That’s the figure that Gartner has estimated for global spending on cloud services in 2022.
In 2020, this figure was at $313 billion. That’s a 53% growth in two years!
These numbers represent a seismic shift towards cloud adoption. Organizations are experiencing a range of benefits in exchange for such heavy investments in their cloud migration infrastructure. A majority of this spending, if allocated towards foundational methodologies and tools, will reap high returns for any organization looking to migrate to the cloud.
One of these methodologies is the Azure Landing Zone.
Azure Landing Zone: What Is It?
Cloud services are often really easy to deploy – literally at the click of a button. But in an enterprise environment, this could lead to questions and challenges. Organizations deploying cloud services need to know if they are doing so in a secured manner and whether or not they are following regulatory compliances. There are also questions on the availability and cost optimization of services. Organizations must think about best practices and governance when deploying cloud services.
Microsoft solves many of these questions and challenges through what they call the Azure Landing Zone – a critical component of the Cloud Adoption Framework. According to Microsoft, “Azure landing zones are the output of a multi-subscription Azure environment that accounts for scale, security governance, networking, and identity. Azure landing zones enable application migration, modernization, and innovation at enterprise-scale in Azure. These zones consider all platform resources that are required to support the customer’s application portfolio and don’t differentiate between infrastructure as a service or platform as a service.”
Azure Landing Zone delivers configurations as a starting point, a foundation for what enterprises must build for their applications and workloads as they kick off their cloud journey. Azure Landing Zone is a usually empty Azure subscription which includes foundational Azure services such as management groups and subscriptions, hybrid network connectivity, logging, and security policies. It delivers a framework for the organization deploying cloud to efficiently perform and manage cloud migration. Within a landing zone, organizations have critical parameters or guardrails that determine how to use and deploy data and applications in the cloud.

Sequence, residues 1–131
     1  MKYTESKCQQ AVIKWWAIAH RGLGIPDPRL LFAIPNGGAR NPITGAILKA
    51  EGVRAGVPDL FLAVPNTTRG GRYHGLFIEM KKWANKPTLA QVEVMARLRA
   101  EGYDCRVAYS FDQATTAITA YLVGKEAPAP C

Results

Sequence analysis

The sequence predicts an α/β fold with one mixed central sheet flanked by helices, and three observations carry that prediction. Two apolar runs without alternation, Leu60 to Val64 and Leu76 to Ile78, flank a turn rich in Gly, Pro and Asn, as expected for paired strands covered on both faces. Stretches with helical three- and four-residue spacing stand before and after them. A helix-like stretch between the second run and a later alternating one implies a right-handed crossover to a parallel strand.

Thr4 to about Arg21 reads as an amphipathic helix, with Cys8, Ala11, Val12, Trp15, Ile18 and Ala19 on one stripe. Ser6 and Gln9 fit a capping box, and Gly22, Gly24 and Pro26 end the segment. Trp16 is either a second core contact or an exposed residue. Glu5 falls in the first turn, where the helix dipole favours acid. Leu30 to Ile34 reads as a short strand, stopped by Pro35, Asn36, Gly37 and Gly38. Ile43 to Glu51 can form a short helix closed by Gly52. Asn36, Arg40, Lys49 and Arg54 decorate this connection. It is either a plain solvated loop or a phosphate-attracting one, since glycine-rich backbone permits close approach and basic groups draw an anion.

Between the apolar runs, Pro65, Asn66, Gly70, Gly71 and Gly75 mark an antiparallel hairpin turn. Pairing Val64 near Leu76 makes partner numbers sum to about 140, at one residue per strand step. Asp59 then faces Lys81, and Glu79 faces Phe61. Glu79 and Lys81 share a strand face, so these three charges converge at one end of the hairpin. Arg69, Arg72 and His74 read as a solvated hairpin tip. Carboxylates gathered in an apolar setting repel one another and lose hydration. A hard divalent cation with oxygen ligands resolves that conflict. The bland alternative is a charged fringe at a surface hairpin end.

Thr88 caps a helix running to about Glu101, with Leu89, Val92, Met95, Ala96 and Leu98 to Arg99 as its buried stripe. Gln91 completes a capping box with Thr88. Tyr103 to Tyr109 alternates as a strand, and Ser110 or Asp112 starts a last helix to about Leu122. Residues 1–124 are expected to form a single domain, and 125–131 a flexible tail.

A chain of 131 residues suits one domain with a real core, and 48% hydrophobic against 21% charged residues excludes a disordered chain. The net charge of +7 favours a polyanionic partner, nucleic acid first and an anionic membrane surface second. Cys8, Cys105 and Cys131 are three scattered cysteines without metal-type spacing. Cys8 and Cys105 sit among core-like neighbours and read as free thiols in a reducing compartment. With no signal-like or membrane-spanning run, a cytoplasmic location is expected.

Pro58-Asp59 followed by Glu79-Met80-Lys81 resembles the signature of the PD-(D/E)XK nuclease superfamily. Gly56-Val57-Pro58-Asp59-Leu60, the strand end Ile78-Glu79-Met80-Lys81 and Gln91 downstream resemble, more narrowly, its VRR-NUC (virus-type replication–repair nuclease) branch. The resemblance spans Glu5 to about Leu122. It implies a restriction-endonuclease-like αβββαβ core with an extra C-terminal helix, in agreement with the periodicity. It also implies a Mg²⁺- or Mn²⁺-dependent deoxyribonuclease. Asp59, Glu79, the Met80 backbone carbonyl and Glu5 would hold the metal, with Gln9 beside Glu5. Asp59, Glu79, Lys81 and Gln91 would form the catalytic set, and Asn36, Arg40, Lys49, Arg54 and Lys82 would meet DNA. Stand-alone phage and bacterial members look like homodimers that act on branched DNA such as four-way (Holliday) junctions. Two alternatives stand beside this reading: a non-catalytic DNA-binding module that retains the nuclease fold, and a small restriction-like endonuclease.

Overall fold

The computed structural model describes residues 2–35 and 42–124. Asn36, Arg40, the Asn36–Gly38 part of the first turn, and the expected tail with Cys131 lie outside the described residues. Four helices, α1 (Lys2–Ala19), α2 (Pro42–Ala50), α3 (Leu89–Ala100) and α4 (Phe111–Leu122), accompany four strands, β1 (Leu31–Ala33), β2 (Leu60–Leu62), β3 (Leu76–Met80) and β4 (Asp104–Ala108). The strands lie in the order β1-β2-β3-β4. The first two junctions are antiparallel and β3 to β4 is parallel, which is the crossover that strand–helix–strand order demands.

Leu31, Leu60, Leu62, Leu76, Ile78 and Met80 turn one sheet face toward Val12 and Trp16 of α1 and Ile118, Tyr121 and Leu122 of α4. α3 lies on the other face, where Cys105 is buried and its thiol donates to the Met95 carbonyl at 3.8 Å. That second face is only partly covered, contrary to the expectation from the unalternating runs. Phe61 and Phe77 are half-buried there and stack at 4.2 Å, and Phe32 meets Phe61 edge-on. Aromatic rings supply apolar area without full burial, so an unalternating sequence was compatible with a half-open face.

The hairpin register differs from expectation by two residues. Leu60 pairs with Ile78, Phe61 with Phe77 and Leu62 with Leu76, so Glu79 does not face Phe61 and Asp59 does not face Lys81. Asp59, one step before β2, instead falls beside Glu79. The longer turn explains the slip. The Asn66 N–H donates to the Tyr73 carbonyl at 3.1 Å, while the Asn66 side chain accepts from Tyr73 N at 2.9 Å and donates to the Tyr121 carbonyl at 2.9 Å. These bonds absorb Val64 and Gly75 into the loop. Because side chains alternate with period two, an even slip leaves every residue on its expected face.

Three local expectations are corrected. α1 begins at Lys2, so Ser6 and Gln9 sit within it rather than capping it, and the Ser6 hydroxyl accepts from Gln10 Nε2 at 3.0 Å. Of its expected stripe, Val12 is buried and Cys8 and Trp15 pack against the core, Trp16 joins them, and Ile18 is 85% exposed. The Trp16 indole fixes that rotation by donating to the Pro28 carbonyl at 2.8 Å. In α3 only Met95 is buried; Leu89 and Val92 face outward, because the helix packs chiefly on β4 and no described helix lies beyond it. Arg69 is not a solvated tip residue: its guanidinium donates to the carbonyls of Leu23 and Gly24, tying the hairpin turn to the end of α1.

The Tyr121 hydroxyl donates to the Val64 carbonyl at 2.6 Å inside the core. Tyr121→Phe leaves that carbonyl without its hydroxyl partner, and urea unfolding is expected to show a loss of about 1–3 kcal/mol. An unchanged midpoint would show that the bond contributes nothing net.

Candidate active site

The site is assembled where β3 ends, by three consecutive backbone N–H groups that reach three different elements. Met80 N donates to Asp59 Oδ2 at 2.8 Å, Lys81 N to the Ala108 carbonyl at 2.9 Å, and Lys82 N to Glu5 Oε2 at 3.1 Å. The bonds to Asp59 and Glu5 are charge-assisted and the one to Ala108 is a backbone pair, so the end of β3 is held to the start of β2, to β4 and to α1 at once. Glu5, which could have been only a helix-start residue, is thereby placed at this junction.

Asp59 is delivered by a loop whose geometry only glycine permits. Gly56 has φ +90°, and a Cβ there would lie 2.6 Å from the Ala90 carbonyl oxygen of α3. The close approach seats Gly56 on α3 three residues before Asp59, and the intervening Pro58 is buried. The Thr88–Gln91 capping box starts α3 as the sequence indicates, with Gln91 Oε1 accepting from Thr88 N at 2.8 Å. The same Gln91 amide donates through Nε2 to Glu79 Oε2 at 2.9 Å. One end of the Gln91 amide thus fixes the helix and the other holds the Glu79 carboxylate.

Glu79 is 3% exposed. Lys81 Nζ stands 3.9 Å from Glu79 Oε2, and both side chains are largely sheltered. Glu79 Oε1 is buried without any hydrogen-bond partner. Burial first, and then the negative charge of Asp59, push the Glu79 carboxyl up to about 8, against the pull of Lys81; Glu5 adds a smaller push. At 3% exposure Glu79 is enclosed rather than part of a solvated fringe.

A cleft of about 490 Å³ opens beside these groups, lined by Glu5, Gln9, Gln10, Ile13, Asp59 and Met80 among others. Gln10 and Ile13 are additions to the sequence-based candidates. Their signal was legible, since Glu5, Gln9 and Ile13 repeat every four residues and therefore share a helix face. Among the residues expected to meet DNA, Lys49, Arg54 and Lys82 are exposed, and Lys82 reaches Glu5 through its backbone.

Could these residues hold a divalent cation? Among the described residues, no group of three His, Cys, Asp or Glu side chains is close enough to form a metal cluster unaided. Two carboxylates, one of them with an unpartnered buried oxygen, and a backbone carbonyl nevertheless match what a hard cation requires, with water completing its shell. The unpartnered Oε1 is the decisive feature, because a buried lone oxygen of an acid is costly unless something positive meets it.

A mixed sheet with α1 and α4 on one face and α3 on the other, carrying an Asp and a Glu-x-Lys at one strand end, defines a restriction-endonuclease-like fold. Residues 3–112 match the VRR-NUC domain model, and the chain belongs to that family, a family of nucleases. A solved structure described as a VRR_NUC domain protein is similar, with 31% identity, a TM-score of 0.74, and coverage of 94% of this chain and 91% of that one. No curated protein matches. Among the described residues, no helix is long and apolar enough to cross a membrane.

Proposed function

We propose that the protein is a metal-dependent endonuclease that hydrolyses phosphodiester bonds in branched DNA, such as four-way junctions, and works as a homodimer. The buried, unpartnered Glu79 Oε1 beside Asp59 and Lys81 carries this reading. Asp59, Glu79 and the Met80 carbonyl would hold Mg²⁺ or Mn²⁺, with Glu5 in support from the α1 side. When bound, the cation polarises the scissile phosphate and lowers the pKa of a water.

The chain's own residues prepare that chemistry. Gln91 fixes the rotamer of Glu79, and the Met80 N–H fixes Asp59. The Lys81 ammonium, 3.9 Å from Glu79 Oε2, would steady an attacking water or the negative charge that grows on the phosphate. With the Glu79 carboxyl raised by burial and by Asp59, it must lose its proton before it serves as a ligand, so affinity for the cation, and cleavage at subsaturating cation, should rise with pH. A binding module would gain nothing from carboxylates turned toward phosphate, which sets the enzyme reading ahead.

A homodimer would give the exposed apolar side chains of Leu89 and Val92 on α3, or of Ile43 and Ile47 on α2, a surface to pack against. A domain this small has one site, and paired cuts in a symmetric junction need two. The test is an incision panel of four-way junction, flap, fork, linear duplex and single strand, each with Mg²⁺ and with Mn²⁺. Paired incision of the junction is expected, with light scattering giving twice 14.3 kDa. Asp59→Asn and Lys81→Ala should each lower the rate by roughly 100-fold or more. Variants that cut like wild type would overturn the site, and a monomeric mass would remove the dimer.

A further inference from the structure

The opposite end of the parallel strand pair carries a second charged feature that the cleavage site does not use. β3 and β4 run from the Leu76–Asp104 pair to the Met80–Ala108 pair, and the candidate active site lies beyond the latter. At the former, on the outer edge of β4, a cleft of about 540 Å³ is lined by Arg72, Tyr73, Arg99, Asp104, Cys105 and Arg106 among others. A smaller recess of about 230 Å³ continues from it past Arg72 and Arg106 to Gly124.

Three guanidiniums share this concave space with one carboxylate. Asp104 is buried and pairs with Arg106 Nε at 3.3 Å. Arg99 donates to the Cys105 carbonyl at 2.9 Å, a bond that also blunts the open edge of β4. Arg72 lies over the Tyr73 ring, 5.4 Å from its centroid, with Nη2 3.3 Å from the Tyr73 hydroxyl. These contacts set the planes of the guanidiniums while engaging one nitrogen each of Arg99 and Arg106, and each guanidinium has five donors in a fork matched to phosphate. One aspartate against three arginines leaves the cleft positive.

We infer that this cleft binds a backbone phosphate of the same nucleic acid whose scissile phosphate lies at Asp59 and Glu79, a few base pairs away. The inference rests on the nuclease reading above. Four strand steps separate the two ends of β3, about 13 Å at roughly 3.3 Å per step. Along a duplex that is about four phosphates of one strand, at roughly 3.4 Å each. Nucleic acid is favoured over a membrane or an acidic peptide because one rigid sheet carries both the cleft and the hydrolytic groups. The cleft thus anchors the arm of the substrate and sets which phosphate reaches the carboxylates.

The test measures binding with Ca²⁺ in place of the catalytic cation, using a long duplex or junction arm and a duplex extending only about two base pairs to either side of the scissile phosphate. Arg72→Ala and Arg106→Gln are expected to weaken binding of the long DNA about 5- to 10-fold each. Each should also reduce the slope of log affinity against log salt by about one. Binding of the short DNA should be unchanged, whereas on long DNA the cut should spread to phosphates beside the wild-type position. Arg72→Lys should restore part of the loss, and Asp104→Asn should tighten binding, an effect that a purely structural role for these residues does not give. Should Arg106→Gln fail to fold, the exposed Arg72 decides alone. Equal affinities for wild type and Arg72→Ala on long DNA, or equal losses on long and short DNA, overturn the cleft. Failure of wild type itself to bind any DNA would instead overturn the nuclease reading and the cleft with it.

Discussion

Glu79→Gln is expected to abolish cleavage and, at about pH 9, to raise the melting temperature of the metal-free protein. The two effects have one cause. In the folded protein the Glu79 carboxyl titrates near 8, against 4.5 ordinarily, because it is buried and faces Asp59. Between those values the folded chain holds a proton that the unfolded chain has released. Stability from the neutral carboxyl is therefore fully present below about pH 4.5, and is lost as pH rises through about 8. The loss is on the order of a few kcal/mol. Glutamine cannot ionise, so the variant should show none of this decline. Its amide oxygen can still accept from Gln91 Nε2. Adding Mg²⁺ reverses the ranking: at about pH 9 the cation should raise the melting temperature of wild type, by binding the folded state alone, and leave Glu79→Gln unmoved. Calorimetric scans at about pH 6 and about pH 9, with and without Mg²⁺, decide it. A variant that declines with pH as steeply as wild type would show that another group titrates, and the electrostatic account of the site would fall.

A functional Azure Landing Zone constitutes a streamlined framework of rules and regulations, guidelines, and policies for hosting options as you migrate to the cloud. Once you have understood the tenets of cloud migration and how they are placed vis-à-vis your organization, you can focus on building a Landing Zone.
Think of it as a place where everything comes together in one place. You can view your subscriptions and the costs attached to every cloud initiative you take, among other considerations, and customize it based on connectivity, resource organization, and network topology.
Why Do You Need Azure Landing Zones?
You will need a robust Landing Zone to carry out application migrations and other processes of your cloud portfolio. It will provide you with the guardrails required to regulate the usage of data in the cloud environment and also answer some concerns such as:
- How will our resources connect to each other, and how can we organize them in an optimized manner?
- How will we carry out identity management?
- What tools do we need to develop a governance strategy and make policy decisions? Azure provides blueprints to help with this, such as the Azure Resource Manager Template.
- How will we address the most significant cloud migration challenges?
You can fulfill the following goals by incorporating the relevant frameworks that will build your Landing Zone:
- Ensuring that the computing decisions related to your workloads are in line with the purpose of the Landing Zone.
- Implementing robust storage and database solutions that support your workloads.
Since the Landing Zone gets automatically created based on the parameters you want to prioritize, there’s